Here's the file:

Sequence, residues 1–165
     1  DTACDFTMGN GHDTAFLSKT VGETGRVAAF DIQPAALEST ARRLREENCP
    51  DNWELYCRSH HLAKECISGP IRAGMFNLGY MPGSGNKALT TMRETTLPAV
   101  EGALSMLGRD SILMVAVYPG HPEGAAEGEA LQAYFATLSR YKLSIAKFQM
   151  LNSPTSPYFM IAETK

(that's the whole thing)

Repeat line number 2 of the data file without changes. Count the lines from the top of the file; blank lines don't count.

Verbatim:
     1  DTACDFTMGN GHDTAFLSKT VGETGRVAAF DIQPAALEST ARRLREENCP